Bush admitted she was “frustrated” by the sway the two senators had over the party. “They are not in need of those resources, but there are people who are in need. It is life or death for some folks, and they are holding it up. That part is very disturbing to me.”

The congresswoman also offered a strong endorsement for any attempt to increase taxes on the wealthiest American corporations and individuals, as the White House and party leaders consider proposals such as a levy on billionaires and a minimum tax on the largest companies.

The so-called “billionaire tax” was not included in Biden’s framework, which instead suggested new revenues would be raised through the minimum corporate profits tax as well as a new tax surcharge for people making more than $10m a year.

“We need to tax the rich, undoubtedly,” said Bush. “Not only are they comfortable. Their children’s children are comfortable . . . Taking money from them won’t make them suffer . . . You take the money from them, well then they might not have the extra jet.”

Bush, a black woman who first became involved in local politics in 2014 amid civil unrest in Ferguson, Missouri, over the police killing of Michael Brown, said her expectations for the Biden presidency were “honestly low” after she had endorsed his left-leaning rival, Bernie Sanders, in the 2020 primaries. But with the first anniversary of the president’s election on the horizon, she was nuanced in her assessment of his first nine months in office.

“Looking back to Cori of 2019-2020, I would say that [Biden] exceeded my expectations already. But as far as a sitting Congress member . . . I will say I’m not thrilled or really pleased,” she said in an office decorated with images of trailblazing black women including Shirley Chisholm, the first black woman elected to Congress, and Marxist activist Angela Davis.

A vocal supporter of the defund the police movement, Bush pointed to the collapse in bipartisan negotiations earlier this year over police reform as a particular disappointment. “We couldn’t get a bill to actually affect a piece of what’s killing us, you know? So that is where it feels like, we’re not getting the investment into the things that we need.”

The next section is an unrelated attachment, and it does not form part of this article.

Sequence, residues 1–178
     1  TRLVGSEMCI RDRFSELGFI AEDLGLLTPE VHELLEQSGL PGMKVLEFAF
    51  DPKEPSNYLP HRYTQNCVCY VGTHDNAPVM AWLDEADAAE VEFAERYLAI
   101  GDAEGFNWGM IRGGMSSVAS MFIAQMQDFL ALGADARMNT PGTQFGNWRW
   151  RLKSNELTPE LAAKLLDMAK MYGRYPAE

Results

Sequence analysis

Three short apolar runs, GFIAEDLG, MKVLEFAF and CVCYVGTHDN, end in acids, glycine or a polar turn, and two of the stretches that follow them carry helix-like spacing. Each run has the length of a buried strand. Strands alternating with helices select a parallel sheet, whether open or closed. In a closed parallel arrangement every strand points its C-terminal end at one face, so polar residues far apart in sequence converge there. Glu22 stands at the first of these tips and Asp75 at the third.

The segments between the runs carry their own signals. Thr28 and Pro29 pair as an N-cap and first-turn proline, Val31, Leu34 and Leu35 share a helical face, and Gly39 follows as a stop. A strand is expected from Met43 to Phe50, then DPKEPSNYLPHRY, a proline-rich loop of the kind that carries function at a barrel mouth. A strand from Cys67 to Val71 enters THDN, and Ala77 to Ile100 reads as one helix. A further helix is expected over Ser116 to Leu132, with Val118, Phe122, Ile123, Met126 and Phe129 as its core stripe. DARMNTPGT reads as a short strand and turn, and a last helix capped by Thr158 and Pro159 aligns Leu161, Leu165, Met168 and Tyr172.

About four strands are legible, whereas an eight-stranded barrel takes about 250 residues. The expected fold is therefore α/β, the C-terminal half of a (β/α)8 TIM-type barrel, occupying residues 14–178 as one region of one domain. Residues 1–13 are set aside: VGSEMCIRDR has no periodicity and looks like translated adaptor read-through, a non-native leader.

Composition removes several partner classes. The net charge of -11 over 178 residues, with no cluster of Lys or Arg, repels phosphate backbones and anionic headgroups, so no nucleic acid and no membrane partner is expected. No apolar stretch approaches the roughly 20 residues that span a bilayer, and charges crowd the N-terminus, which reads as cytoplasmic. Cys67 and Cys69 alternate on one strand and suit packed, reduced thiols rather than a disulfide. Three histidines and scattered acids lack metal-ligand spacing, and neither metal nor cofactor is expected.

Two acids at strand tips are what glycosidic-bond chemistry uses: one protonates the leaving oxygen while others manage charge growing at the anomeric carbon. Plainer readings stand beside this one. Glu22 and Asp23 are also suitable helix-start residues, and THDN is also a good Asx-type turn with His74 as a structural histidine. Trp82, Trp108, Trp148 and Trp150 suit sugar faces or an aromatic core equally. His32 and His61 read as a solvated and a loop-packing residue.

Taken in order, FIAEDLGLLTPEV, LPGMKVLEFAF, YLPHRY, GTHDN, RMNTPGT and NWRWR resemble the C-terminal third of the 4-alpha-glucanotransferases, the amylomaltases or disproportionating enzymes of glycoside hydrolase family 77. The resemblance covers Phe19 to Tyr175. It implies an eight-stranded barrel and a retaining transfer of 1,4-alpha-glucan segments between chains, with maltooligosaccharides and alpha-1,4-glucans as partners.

Bush also had strong words for US corporations that have outwardly embraced the Black Lives Matter movement since George Floyd’s killing last year, calling on America’s biggest companies to take real action to address race-based inequity.

“I remember one thing that was said to me before I came to Congress was are you going to be a show horse or work horse? . . . And for me, I was like, I’ll be a show workhorse, you know, I am going to show my work,” she said. “I think that is how our corporations need to be.”

Bush, who last month spoke publicly in a congressional hearing about her personal experience getting an abortion as a teenager, also warned about her concerns that Roe vs Wade, the landmark 1973 Supreme Court ruling that enshrined a woman’s legal right to an abortion, could be overturned by a conservative-leaning court in the face of legal challenges from Texas and Mississippi.

She added that any rowing back on reproductive rights could send shockwaves through the Democratic party’s base of voters.

“After Trump’s win, you saw all of these women and other allies taking to the streets. This time . . . it is actual law that could be changing. I think that we will see people who . . . have never ever thought about politics, who are not connected to anyone, show up to speak out.”